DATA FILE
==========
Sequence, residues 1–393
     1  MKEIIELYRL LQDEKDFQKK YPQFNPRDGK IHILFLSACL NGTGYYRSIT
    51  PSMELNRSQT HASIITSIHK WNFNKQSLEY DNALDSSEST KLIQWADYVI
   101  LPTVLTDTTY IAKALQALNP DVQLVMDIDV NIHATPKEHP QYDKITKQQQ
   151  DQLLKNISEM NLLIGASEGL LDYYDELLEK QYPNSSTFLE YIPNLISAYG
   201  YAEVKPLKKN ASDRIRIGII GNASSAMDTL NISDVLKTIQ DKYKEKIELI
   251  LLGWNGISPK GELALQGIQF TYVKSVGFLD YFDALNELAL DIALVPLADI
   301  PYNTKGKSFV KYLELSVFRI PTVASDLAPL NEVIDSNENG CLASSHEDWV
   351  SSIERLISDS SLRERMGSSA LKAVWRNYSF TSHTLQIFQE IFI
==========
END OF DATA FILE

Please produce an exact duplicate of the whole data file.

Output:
Sequence, residues 1–393
     1  MKEIIELYRL LQDEKDFQKK YPQFNPRDGK IHILFLSACL NGTGYYRSIT
    51  PSMELNRSQT HASIITSIHK WNFNKQSLEY DNALDSSEST KLIQWADYVI
   101  LPTVLTDTTY IAKALQALNP DVQLVMDIDV NIHATPKEHP QYDKITKQQQ
   151  DQLLKNISEM NLLIGASEGL LDYYDELLEK QYPNSSTFLE YIPNLISAYG
   201  YAEVKPLKKN ASDRIRIGII GNASSAMDTL NISDVLKTIQ DKYKEKIELI
   251  LLGWNGISPK GELALQGIQF TYVKSVGFLD YFDALNELAL DIALVPLADI
   301  PYNTKGKSFV KYLELSVFRI PTVASDLAPL NEVIDSNENG CLASSHEDWV
   351  SSIERLISDS SLRERMGSSA LKAVWRNYSF TSHTLQIFQE IFI